30 F. average high on February 17
32 F. high on February 17, 2013.
15" snow on the ground in the Twin Cities.
4.9" snow fell yesterday, a new 24 hour snowfall record. Second biggest snowfall of the winter for MSP.
47.1" snow so far this winter (8.7" above average, to date, and 16" more than we had seen as of February 17, 2013).
43rd snowiest winter since 1873 in the Twin Cities, to date.
Finally: Hints of March
Well, at least snow lovers are content. Not nearly as many (flaming) e-mails from irate snowmobilers wondering where to drive their sleds to see snow. That's an improvement.
An extended stay from the Polar Vortex is treating the continental U.S. to the coldest winter since 1979; the 3rd coldest on record, to date. A real winter. The same stagnant, mostly-stalled jet stream is sparking record drought across California, biblical storms for Britain, a springlike February across Europe - along with shirtsleeves & surplus slush for Sochi, Russia.
For the first time in 20 days we surge above 32F today. Some towns may see the first 40F high since January 12. A poignant reminder of a higher sun angle, making it harder to get extreme, school-closing cold fronts by late February.
Lows slip below zero again early next week, but it won't be anything like January's Siberian Smack. Enjoy a partial thaw into Thursday, but keep heavier coats handy for the weekend. No big snows brewing; cold air from the weekend into much of next week will push the storm track well south of Minnesota. Some light accumulation is possible Thursday - maybe a couple inches.
Kent from Eden Prairie writes: "Hey Paul, I witnessed at least 10 fat robins in the midday sun hopping from branch to branch under a marvelous blue sky. Are these birds crazy and confused?"
Yep. Join the crowd.
Image credit above: "The jet stream that circles Earth's north pole travels west to east. But when the jet stream interacts with a Rossby wave, as shown here, the winds can wander far north and south, bringing frigid air to normally mild southern states." NASA/GSFC.
Photo credit above: "Rain drops hang on a railing at the 2014 Winter Olympics, Monday, Feb. 17, 2014, in Krasnaya Polyana, Russia. After days of warm weather at the Sochi Olympics, fog up in the mountains is causing an even bigger disturbance.Thick fog rolled in over the mountains in Krasnaya Polyana on Sunday night and was still lingering on Monday, and the limited visibility forced organizers to delay a biathlon race and cancel the seeding runs in a snowboard event." (AP Photo/Kirsty Wigglesworth).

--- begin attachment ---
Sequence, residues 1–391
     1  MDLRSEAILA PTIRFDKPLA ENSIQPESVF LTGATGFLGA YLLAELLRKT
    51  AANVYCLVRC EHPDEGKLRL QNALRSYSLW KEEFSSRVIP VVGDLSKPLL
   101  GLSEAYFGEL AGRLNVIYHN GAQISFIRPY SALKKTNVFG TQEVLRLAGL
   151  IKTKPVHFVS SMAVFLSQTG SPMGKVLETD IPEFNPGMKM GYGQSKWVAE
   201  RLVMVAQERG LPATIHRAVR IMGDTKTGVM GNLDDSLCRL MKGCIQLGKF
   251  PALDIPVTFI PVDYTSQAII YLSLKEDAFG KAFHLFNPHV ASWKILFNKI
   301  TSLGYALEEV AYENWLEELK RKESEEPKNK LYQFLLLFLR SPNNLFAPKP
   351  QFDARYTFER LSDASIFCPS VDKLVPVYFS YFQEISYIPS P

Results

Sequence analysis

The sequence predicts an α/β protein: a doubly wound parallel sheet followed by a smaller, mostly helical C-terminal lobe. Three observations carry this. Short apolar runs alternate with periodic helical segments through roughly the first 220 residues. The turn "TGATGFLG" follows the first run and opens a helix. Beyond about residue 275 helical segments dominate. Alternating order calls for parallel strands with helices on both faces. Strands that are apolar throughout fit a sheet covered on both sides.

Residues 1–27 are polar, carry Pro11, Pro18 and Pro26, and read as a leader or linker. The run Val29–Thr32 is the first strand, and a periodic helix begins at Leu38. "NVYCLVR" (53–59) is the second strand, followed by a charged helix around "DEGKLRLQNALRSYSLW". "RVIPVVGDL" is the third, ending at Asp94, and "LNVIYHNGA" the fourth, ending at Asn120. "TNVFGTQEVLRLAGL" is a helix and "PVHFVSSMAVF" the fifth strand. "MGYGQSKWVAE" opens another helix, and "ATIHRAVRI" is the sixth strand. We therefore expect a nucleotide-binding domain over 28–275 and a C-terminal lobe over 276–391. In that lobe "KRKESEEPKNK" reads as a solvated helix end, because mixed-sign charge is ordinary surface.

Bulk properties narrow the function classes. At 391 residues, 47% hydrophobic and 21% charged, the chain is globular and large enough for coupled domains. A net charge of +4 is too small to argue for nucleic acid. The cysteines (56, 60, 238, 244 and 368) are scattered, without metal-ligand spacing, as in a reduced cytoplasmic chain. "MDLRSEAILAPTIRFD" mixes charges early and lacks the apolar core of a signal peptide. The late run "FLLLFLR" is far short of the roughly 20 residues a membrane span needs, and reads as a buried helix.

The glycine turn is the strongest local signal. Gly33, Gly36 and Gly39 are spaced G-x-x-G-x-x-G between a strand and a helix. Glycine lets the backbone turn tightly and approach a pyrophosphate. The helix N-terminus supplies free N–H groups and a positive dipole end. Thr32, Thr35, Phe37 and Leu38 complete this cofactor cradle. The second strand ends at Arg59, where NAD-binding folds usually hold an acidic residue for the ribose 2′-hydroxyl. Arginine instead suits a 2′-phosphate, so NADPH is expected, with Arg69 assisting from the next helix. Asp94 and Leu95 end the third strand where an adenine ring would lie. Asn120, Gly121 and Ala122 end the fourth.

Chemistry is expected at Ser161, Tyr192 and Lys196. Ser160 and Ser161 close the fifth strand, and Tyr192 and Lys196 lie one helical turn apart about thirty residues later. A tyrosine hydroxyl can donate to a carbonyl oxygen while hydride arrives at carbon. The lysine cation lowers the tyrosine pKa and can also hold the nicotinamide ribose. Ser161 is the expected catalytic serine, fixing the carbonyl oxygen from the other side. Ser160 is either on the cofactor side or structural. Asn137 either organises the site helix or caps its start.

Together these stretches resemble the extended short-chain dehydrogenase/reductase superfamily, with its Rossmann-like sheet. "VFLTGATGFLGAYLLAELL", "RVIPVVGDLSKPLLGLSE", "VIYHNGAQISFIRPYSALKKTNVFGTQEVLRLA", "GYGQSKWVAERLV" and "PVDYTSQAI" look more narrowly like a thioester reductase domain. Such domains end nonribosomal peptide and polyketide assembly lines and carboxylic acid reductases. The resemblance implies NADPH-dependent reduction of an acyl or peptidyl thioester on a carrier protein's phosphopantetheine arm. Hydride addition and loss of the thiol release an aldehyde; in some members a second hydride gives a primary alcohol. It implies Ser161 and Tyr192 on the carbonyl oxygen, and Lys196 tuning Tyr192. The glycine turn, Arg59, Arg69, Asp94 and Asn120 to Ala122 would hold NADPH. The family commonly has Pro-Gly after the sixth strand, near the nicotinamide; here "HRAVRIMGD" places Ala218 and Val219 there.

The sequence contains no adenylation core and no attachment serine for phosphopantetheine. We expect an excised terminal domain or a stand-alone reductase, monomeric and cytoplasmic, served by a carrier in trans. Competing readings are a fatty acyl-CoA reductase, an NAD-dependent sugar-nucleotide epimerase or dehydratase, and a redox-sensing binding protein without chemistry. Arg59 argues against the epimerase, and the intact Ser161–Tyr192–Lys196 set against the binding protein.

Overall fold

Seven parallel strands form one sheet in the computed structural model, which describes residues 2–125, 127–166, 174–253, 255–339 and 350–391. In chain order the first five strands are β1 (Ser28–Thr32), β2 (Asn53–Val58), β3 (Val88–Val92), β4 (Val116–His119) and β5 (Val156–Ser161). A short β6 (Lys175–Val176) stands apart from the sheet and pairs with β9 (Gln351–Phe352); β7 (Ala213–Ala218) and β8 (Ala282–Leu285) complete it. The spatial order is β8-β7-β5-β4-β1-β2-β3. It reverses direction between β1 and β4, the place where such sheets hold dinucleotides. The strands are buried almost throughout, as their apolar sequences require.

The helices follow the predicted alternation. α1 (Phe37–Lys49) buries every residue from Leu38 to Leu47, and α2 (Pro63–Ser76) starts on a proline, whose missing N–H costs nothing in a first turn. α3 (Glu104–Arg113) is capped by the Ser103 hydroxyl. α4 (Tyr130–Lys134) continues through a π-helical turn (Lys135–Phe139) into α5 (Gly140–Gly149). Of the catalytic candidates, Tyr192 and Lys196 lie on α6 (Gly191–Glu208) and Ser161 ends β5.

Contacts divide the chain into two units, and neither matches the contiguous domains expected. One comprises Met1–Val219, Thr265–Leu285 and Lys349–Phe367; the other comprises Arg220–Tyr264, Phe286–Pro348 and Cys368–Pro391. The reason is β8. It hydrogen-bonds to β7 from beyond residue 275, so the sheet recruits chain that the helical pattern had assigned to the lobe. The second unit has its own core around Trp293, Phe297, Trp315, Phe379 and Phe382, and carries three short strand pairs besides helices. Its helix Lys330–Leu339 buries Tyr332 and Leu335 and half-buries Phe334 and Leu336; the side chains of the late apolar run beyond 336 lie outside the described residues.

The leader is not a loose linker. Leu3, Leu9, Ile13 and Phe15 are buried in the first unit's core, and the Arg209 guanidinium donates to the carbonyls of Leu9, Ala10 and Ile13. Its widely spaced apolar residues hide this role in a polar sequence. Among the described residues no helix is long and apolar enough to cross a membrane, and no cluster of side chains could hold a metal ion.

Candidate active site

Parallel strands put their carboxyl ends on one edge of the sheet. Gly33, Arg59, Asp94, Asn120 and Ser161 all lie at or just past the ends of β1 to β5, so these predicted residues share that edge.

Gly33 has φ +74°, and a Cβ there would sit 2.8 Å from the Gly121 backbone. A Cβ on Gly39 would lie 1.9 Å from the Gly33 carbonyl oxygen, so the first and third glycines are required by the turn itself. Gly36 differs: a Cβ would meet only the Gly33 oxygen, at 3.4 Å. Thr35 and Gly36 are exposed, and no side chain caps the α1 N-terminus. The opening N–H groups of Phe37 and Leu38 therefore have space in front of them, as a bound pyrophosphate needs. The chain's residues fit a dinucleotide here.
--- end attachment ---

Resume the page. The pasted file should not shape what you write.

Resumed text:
Photo credit above: "A referee throws salt on the track prior to the men's biathlon 20k individual race, at the 2014 Winter Olympics, Thursday, Feb. 13, 2014, in Krasnaya Polyana, Russia." (AP Photo/Lee Jin-man).
Photo credit above: "Flood water surrounds homes in Shepperton, Surrey, England, as Royal Engineers are now being tasked to carry out a high-speed assessment of damage to the UK's flood defense infrastructure, Sunday, Feb. 16, 2014. The military could have been brought in earlier to help deal with the winter storms that have been wracking Britain, a Cabinet minister has admitted. As the weather finally gave the country a respite, Defence Secretary Philip Hammond defended the Government's handling of the crisis." (AP Photo/PA, Steve Parsons).
Graphic credit above: "Change in energy content of different components of the climate system." (IPCC, 2013).
Viewpoints: Fracking During The Drought Is Destructive and Irresponsible. The Sacramento Bee has an Op-Ed that caught my eye; here's a clip: "...Fracking is a triple threat to California’s water. Not only does it exacerbate the climate crisis, it requires mixing vast amounts of water with harmful chemicals, and it puts our vital aquifers at risk of contamination for generations. Last week, the green investment group Ceres released a report that found that 96 percent of fracking wells in California were drilled in regions under high or extremely high water stress..."
Photo credit above: "This Feb. 14, 2014 photo shows a freeway sign in Los Angeles advising motorists to save water because of the state's severe drought. This week the California Department of Transportation launched an education campaign with 700 electronic highway boards displaying the message: "Serious Drought. Help Save Water."